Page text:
Thursday, September 24, 2009


Remember back when the Giants had a first baseman who hit over 30 home runs? If you were born after 1987 then the answer is no. That's how long it's been - 22 years!

I was talking about this fact with a friend this morning and it got me to wondering how the Giants power at first base, or lack thereof, compares with the rest of the league. In order to do that I decided to compile home run figures for starting first baseman for each MLB team since 1958 (the birthdate of the San Francisco iteration of the Giants). I relied on the starting first basemen for each year as indicated by I believe baseball-reference determines starters based on either games played, at-bats or innings played at a given position, but I'm not entirely sure. Regardless, there is definitely some room for error as platoons are not accurately reflected in my methodology, nor are injury replacements or situations where a trade occurred. Nonetheless, I think the methodology employed herein paints a pretty useful picture of the power production of first basemen over the past half century.

The following chart shows the Giants' first basemen's home run production by year versus the MLB average.

As indicated in the chart, the Giants enjoyed above average production during the 1960s, which is due to Hall-of-Fame-type power from Willie McCovey and Orlando Cepeda. Then beginning in 1971 the Giants' production dipped below the MLB average and was relatively volatile for the next couple of decades. Highlights included: McCovey's 1973 and 1977 seasons (29 & 28 HRs, respectively), Darrell Evans' 1983 season (30 HRs), Clark's '87, '88 and '91 season (35, 29 & 29 HRs), and, most recently, JT Snow's 1997 season (28 HRs). Lowlights included: Willia Montanez' 8 HRs in 1975, Mike Ivie's 4 HRs in 1980, Enos Cabell's 2 HRs in 1981, Al Oliver's ZERO HOME RUNS in 1984, David Green's 5 HRs in 1985, Snow's 6-, 8- and 4-HR seasons in 2002, 2003 and 2005, respectively, and Ryan Klesko's stellar (and lone as a Giant) 2007 season (6 HRs).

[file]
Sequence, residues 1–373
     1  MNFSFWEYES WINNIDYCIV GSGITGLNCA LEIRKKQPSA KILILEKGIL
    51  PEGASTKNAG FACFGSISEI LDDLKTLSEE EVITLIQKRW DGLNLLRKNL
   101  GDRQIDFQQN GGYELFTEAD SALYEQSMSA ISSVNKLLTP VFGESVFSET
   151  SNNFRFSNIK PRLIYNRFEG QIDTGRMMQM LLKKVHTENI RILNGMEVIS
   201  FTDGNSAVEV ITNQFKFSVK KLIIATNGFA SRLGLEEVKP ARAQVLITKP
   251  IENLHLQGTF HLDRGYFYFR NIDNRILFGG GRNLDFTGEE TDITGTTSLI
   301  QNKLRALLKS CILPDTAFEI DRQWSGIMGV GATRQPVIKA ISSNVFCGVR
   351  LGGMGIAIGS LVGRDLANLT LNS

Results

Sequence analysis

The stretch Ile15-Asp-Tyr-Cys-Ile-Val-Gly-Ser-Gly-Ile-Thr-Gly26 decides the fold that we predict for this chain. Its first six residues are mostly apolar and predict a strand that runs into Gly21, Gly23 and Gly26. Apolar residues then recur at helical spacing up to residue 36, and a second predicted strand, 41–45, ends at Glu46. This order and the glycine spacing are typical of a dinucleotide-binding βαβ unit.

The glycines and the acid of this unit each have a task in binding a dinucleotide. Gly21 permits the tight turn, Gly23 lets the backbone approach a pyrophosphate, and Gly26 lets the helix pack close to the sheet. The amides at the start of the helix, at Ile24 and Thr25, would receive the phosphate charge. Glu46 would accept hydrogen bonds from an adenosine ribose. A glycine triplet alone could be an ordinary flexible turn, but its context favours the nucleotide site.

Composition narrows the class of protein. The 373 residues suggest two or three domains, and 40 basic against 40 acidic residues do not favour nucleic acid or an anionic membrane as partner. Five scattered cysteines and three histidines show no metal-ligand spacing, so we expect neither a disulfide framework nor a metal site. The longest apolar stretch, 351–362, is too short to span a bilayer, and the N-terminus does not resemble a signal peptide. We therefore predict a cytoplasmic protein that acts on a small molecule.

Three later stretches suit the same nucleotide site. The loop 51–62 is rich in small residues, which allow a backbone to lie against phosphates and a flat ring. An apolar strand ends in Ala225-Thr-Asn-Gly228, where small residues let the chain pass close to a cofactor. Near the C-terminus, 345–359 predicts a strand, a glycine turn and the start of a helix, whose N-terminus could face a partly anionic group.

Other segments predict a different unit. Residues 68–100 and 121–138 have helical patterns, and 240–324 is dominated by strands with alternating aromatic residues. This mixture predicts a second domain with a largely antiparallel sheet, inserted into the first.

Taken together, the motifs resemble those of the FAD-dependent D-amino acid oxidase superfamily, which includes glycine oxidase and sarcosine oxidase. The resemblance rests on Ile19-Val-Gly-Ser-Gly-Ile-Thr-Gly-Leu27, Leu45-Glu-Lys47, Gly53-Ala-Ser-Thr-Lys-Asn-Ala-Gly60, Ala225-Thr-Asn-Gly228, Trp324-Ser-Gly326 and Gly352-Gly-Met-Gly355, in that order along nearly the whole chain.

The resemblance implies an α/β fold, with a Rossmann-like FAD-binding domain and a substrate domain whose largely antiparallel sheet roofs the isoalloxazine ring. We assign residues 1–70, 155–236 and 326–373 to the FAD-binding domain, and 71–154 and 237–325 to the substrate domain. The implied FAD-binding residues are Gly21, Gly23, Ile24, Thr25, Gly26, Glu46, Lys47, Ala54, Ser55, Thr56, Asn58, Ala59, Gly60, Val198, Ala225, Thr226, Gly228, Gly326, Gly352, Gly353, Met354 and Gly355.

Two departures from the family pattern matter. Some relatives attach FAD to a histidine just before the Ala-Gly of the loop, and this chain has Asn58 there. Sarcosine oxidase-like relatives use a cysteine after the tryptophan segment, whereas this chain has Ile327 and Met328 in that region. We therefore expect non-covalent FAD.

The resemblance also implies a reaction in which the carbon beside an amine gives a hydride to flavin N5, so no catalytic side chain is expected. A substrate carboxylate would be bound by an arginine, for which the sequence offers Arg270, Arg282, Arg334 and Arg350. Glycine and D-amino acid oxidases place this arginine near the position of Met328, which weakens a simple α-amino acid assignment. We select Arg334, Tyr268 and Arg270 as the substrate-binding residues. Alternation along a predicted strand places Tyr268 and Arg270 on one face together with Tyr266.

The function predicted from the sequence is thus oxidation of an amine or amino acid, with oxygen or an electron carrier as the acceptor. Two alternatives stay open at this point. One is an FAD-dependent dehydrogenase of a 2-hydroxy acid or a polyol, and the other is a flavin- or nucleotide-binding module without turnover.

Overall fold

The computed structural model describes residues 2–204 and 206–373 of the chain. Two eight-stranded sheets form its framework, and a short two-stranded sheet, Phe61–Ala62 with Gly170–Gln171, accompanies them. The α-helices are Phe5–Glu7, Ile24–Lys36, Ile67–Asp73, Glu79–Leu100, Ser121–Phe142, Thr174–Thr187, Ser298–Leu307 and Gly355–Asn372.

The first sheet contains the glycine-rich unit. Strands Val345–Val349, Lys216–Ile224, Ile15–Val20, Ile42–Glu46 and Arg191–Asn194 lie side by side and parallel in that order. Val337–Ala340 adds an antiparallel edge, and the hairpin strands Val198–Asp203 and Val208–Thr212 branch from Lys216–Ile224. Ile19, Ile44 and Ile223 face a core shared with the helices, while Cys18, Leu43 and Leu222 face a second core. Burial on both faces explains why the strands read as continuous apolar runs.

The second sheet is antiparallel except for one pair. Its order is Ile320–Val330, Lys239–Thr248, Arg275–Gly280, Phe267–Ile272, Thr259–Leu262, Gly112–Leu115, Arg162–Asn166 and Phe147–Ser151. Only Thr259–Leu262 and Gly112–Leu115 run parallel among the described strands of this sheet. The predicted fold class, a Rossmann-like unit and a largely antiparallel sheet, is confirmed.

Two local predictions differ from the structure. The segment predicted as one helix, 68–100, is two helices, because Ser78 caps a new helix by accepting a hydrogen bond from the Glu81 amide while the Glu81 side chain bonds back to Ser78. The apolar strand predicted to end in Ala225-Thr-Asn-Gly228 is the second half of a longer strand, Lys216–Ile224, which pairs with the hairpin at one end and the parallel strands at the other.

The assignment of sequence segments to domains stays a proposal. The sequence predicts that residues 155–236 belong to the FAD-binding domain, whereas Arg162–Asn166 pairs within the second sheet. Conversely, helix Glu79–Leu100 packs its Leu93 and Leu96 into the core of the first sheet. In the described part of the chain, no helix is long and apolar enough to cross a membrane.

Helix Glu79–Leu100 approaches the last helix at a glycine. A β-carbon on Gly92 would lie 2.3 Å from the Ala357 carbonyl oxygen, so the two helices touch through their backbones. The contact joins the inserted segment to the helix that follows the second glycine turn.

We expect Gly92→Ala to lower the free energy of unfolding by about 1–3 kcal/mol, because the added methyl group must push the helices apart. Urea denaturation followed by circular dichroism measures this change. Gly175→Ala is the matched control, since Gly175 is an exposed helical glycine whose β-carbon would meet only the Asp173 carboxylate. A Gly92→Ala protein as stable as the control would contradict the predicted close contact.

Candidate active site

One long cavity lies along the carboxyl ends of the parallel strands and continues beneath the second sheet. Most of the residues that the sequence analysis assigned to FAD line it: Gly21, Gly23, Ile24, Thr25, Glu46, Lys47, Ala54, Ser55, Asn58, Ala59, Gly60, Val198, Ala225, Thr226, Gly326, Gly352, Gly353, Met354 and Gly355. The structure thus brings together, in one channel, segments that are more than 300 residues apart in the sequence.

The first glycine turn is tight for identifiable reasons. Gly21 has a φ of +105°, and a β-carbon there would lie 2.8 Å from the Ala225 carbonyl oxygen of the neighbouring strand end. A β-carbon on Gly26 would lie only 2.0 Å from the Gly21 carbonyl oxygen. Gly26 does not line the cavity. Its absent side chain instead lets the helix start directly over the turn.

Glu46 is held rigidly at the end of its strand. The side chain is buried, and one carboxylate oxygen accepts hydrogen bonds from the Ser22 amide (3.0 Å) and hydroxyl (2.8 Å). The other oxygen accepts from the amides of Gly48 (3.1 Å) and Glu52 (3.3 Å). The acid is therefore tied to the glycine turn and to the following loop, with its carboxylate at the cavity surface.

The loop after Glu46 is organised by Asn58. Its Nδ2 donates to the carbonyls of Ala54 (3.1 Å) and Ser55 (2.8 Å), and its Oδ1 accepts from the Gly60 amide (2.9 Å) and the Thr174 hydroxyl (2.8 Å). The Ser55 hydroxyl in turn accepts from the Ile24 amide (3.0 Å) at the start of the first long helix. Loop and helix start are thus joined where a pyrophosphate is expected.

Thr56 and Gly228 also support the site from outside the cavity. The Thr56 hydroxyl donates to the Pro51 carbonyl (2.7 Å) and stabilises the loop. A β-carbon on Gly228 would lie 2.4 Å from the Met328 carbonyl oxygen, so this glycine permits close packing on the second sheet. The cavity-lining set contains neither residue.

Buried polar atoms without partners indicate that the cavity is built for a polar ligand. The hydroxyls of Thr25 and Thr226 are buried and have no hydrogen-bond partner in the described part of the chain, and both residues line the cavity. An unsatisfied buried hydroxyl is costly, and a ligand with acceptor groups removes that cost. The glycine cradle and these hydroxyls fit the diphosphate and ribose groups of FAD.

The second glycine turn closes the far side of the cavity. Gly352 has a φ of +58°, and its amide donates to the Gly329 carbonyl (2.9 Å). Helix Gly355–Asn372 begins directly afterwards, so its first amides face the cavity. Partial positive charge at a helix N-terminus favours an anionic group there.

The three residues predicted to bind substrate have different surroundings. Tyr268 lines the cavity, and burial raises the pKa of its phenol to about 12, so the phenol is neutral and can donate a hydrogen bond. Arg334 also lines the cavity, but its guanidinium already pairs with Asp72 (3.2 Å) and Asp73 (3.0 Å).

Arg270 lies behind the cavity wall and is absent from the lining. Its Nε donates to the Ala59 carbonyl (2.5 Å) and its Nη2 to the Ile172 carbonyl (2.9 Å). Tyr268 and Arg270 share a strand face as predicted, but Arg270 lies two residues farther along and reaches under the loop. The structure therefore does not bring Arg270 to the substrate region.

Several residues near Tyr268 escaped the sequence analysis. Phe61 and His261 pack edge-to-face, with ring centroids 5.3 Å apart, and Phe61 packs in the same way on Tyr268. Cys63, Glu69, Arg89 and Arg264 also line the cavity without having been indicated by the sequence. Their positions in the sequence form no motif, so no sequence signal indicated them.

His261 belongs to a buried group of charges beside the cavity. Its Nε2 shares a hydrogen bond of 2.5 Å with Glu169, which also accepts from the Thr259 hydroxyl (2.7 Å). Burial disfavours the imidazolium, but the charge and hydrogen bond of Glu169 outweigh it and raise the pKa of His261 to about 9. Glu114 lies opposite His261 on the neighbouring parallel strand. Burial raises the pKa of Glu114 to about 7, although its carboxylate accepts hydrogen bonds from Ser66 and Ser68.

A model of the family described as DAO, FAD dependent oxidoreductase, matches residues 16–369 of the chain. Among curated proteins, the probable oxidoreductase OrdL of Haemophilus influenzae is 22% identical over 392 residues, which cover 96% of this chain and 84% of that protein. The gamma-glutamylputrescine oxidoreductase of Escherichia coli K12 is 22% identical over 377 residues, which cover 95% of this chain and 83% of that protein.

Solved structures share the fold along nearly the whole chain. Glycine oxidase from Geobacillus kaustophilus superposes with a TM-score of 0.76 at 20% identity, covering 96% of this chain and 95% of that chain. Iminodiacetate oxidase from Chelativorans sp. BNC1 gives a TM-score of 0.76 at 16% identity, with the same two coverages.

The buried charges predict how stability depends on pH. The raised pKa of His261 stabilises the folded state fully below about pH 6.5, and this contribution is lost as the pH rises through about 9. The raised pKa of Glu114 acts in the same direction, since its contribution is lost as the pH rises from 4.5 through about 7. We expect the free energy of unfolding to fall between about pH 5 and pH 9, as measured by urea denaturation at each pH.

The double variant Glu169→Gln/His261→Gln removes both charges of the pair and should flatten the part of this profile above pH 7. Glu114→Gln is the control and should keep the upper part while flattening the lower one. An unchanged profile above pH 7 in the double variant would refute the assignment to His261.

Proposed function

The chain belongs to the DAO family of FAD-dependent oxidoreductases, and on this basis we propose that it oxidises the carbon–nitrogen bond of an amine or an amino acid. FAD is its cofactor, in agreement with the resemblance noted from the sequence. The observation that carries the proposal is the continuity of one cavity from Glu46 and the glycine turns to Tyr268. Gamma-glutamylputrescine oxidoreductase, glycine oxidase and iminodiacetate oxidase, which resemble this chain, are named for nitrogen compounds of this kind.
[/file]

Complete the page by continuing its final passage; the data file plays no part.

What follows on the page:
While most of the Giants' data does not indicate a clear trend, it is worth noting that since 1998 the Giants have consistently been well below the MLB average, with the lone exception of 1999 when Snow hit 24 HRs, compared to the MLB average of 22.5. Coincidentally, or not, Brian Sabean took the reigns of the Giants in 1997. During his tenure, Sabean has routinely fielded a team featuring a 1B with well below average power. For the majority of Sabean's run as GM, that first baseman was JT Snow, who is one of, if not the best fielding first baseman at least of my lifetime and maybe ever. So his outstanding defense probably made up for some of his lack of power. However, Snow hasn't been the Giants' "starting" first baseman (by baseball-reference's standards) since 2005 and since then the Giants' homerun production at first base has not improved materially.

In a previous post I noted how the Giants' poor offense will likely cause them to fall just short of making the playoffs this year. Perhaps if they had just league average power at first this would not be the case. Perhaps if they had a remotely competent GM they could find a first baseman with league average (or better!) power. Perhaps I am among the lunatic fringe.

Consideration should be given to how the Giants' power at other positions compares to the league average. If first basemen have been lacking in power, maybe Sabean's made up for it elsewhere (Jeff Kent at 2B comes to mind, and Aurilia at SS to a lesser extent). Charts for other positions will be added to this post as time permits.

Special thanks to a certain displaced Giants fan in Los Angeles for help with formatting the above chart.

Image courtesy of

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